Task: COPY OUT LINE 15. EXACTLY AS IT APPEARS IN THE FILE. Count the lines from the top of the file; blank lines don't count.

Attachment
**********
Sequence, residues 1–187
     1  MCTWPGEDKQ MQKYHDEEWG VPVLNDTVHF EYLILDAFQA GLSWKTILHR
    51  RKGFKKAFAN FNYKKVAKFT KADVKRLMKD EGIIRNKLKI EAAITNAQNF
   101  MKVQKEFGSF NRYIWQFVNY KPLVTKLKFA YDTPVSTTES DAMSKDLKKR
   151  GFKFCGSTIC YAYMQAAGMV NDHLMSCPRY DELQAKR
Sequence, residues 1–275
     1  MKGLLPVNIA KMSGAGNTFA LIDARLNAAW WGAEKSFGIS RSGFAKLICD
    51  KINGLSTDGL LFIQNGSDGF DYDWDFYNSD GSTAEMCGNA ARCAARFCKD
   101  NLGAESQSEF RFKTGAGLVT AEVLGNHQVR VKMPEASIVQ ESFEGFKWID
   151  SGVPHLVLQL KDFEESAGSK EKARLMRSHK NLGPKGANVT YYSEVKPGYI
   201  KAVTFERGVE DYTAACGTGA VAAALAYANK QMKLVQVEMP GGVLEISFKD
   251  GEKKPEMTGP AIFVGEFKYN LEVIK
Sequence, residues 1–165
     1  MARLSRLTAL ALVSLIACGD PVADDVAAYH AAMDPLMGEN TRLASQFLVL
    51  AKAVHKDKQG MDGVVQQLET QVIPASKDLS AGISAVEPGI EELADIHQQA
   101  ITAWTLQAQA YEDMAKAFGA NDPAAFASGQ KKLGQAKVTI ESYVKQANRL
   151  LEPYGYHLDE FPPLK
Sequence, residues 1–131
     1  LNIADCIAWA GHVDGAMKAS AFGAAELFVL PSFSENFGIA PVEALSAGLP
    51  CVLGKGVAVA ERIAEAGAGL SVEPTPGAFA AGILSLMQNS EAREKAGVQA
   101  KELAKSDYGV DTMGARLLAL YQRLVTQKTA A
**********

    51  AKAVHKDKQG MDGVVQQLET QVIPASKDLS AGISAVEPGI EELADIHQQA